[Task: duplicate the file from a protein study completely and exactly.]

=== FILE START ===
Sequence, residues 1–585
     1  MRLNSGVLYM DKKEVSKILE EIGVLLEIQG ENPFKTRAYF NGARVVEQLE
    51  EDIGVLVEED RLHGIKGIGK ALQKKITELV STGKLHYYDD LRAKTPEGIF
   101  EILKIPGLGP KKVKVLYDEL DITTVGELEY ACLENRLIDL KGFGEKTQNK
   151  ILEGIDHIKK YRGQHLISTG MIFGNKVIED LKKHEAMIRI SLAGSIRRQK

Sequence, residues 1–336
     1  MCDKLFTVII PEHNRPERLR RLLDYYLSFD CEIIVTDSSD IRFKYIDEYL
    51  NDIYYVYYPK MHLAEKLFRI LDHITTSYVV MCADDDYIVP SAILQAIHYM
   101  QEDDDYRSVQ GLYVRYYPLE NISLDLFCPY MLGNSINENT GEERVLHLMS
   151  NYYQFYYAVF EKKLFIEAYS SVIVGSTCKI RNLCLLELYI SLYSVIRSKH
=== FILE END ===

Sequence, residues 1–585
     1  MRLNSGVLYM DKKEVSKILE EIGVLLEIQG ENPFKTRAYF NGARVVEQLE
    51  EDIGVLVEED RLHGIKGIGK ALQKKITELV STGKLHYYDD LRAKTPEGIF
   101  EILKIPGLGP KKVKVLYDEL DITTVGELEY ACLENRLIDL KGFGEKTQNK
   151  ILEGIDHIKK YRGQHLISTG MIFGNKVIED LKKHEAMIRI SLAGSIRRQK

Sequence, residues 1–336
     1  MCDKLFTVII PEHNRPERLR RLLDYYLSFD CEIIVTDSSD IRFKYIDEYL
    51  NDIYYVYYPK MHLAEKLFRI LDHITTSYVV MCADDDYIVP SAILQAIHYM
   101  QEDDDYRSVQ GLYVRYYPLE NISLDLFCPY MLGNSINENT GEERVLHLMS
   151  NYYQFYYAVF EKKLFIEAYS SVIVGSTCKI RNLCLLELYI SLYSVIRSKH